Thanks to an unrelated user on youtube, you can now find most of the PBS special “In Motion with Michael Moschen” on Youtube
It turns out that Contact Juggling by James Ernest is still in print in the UK. So I have a correction and an apology to make.
“First thing – very good job I think this publication is something, that our community has waited for very looong time. The book is writed in considered way, touches an area of CJ that i’s not good known to everyone and because that, it is very inspiring^^
The Lessons section has good composition and organisation, it welcomes you to the world of Multiball Contact (that I really love ). The lessons and hints about every figure are very useful in progressing our skills. For me the lessons were very clearly explained, but I have been knowing most of the figures and transfers, so I know what’s happening with the balls, how the hand’s are rotating and so on. I’m wondering how it is for person that never held a balls in his hand’s, i think some moves ( like “roll down on page 39) may been difficult to understand from photos, but it’s my feeling, i think the best option is show some no-CJ’er this book, and see what his thinking about it 🙂
The Inspiration Section – yes yes yes ^^ the masterwork with so many figures and ideas. Great job. The morphing notations was like opening a big door for me … The double scoop is wonder for me…. you don’t want to know how i was picking 10 or 11 ball 🙂 the small balls section was very mind refreshing, but I don’t think I’ll be doing anything with it 🙂
“The appendices are very useful, especially the 4 image quality diagram and morphing notations….”
Minor edits made to the spelling and grammar and for brevity. Hey Thanks dzi3lak (How do you pronounce that name?? Dizzy-three-lack???)
For those that haven’t yet seen it; Michael Moschen’s routine ‘Light’. One of the many amazing conceptual http://nosubhealth.com/ routines created by Moschen. This routine was created in 1985, and this video is from the PBS Special, ‘In Motion with Michael Moschen’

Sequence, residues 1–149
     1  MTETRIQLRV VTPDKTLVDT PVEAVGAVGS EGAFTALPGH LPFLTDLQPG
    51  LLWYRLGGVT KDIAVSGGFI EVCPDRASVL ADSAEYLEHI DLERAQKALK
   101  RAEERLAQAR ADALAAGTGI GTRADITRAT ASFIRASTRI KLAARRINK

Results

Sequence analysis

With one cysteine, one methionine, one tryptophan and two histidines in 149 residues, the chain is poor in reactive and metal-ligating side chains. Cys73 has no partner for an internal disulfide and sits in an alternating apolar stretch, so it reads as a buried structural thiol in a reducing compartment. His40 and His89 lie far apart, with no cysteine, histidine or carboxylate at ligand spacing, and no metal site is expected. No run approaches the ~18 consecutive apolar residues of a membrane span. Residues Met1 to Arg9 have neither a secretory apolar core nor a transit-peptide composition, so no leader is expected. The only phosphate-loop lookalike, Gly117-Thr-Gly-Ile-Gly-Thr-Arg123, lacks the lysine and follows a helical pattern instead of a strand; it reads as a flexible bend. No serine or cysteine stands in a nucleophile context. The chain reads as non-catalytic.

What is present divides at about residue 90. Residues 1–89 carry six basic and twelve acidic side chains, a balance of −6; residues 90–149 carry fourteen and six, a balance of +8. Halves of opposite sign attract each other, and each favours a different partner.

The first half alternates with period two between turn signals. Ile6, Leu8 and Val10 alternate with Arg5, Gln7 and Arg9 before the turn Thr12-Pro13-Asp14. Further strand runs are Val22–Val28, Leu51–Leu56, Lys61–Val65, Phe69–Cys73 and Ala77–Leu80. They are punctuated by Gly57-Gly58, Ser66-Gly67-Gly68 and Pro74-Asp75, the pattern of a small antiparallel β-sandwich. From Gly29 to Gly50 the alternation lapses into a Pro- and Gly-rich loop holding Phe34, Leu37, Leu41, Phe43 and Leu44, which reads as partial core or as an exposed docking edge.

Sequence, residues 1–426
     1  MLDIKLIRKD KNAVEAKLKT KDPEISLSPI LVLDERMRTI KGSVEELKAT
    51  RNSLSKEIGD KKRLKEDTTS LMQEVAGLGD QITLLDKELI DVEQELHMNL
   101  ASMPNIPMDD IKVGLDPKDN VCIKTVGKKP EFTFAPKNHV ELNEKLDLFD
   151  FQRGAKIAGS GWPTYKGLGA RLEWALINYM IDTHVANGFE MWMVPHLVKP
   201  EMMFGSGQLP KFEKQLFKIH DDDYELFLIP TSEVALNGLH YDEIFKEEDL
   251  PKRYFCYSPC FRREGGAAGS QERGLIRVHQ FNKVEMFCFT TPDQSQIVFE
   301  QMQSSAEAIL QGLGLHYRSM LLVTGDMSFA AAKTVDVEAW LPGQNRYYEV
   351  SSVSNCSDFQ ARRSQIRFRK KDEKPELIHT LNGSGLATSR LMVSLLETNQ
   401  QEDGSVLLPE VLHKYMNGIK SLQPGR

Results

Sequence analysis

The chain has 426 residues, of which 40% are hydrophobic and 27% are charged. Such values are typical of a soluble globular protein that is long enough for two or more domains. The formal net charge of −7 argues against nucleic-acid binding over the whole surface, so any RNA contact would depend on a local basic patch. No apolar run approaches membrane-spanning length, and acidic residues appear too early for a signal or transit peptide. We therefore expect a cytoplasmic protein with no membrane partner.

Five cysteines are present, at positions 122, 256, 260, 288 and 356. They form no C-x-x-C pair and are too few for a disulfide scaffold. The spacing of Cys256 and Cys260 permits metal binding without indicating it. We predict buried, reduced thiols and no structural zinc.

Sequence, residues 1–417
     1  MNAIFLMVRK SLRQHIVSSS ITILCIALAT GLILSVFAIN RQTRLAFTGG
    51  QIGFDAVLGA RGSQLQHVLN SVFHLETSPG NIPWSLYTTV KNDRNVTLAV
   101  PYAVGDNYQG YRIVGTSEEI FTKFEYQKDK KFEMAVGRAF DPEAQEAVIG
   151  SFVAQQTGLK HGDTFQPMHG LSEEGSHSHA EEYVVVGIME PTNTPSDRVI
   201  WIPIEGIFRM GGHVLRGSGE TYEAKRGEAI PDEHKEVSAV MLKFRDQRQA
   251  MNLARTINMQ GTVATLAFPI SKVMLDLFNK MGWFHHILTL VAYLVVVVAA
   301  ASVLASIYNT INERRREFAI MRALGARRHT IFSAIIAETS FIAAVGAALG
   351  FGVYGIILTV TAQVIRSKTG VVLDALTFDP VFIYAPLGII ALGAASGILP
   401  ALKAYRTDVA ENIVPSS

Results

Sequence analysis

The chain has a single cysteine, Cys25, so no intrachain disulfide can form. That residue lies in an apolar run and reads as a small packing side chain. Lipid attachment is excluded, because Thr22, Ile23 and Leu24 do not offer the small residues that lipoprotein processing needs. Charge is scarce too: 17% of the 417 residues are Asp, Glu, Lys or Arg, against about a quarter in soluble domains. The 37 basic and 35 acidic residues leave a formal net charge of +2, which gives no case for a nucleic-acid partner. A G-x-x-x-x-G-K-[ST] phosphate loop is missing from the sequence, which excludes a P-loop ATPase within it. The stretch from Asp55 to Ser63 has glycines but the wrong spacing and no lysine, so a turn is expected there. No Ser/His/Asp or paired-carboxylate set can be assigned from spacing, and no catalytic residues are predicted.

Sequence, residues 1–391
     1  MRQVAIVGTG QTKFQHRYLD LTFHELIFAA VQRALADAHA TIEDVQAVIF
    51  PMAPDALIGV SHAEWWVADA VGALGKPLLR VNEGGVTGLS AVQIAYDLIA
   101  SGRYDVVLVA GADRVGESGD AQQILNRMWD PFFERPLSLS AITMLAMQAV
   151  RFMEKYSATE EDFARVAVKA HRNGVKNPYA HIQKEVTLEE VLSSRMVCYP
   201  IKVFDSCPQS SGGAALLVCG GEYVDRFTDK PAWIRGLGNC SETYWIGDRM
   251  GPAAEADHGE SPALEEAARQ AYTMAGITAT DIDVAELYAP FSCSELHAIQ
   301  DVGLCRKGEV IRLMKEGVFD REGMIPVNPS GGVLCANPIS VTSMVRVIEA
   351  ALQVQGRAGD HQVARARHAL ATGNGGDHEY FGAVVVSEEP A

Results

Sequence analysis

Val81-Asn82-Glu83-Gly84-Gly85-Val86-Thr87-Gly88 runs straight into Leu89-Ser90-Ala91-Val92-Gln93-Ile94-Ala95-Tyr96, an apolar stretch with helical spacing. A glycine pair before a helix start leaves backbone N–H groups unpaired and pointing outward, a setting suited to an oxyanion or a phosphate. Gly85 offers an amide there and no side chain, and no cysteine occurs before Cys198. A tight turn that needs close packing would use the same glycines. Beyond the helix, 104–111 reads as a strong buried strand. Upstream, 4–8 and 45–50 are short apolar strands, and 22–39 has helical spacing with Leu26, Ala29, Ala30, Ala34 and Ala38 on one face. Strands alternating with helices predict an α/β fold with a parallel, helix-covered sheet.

I must say, Video comes with a Leather Thong Warning of 10, but damn… Still a timeless routine. Thank you, Mr. Moschen.
A must-watch for anyone who plays with balls.
Ryan Mellors lead an official Contact Juggling and Manipulation workshop in Vienna on May 16th, 2007.
What is manipulation? How can we tell if an object is isolated, and how do we correct our technique? How can we build more complicated illusions? And how can we use these techniques in our performances?
This one day intensive workshop is aimed at all levels of jugglers/circus performers interested in developing new material with a single prop. Through group work and individual skill-builing, Ryan Mellors (Canada / England) will lead exercises in movement and manipulation, assisting the students in developing new material and giving them a basic foundation in movement techniques such as mime, bodypopping, liquid and other illusional movement styles.
Contact Juggling techniques will be taught with 1 ball and this will serve as the basis for a lot of the exercises, but students will be encouraged to move beyond the ball and integrate their own props into much of the workshop. Jugglers of all skill levels and dancers are invited to attend, and they are encouraged to bring whatever props they wish to develop material with.
An interesting display of Contact Juggling. Whilst the skills aren’t special, I do like the presentation.
The many arms create a great effect. I challenge anyone to watch this and not think Moschen/Bowie.
I know, I know.. I’m a juggler and not a beatboxer. But this turned out kinda nice…
Ok… 2 things I (Ryan Mellors) need to say about this late night renegade show [Google Video Link] that Aaron Gregg and I hosted:
(1) This clip was taken from a 2 hour improvised show I hosted with Aaron Gregg. It was approaching midnight, and an audience member dared me to beatbox. I had been practicing Kenny Muhammad’s Drum n’ Bass track for a couple weeks and thought ‘why not?…’
(2) I think its a shame that the whole act isn’t online, because at the end Aaron Gregg and Matt Hall battled it out and it was actually pretty wicked.